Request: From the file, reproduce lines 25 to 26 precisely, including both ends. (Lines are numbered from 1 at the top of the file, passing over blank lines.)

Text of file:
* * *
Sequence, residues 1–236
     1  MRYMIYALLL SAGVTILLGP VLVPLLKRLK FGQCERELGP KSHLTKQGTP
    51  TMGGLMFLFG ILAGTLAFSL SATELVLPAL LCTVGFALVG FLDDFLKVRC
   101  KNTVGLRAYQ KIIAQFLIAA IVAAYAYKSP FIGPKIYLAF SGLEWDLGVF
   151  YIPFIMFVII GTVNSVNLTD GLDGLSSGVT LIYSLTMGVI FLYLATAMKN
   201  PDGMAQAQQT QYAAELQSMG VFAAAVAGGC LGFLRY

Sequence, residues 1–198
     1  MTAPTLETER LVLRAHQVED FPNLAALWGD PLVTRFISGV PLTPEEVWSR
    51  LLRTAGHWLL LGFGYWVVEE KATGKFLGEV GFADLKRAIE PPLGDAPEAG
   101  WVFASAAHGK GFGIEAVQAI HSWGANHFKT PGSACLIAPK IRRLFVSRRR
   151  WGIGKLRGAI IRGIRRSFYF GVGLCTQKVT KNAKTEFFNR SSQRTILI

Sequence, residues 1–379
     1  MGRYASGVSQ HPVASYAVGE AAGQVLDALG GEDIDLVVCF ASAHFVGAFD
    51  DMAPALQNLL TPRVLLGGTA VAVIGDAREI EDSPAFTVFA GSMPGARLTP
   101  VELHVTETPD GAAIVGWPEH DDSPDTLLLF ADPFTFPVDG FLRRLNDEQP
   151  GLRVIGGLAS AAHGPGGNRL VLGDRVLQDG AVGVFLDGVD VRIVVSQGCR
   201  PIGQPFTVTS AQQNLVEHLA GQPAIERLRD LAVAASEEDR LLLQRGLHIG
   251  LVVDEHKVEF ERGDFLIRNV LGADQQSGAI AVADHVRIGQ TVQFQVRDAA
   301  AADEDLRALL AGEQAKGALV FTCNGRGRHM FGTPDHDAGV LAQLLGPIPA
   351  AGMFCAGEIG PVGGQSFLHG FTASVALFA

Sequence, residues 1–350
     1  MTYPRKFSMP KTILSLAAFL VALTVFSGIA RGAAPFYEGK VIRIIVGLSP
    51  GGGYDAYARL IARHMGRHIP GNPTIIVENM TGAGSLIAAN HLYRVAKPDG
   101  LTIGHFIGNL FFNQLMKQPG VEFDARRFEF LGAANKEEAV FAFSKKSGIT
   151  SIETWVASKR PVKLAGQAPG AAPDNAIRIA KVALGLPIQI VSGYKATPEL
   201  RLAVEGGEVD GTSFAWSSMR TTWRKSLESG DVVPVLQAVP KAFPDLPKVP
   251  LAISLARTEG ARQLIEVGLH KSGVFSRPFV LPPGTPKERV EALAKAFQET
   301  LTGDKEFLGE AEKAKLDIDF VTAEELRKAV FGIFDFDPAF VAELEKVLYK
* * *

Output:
   151  SIETWVASKR PVKLAGQAPG AAPDNAIRIA KVALGLPIQI VSGYKATPEL
   201  RLAVEGGEVD GTSFAWSSMR TTWRKSLESG DVVPVLQAVP KAFPDLPKVP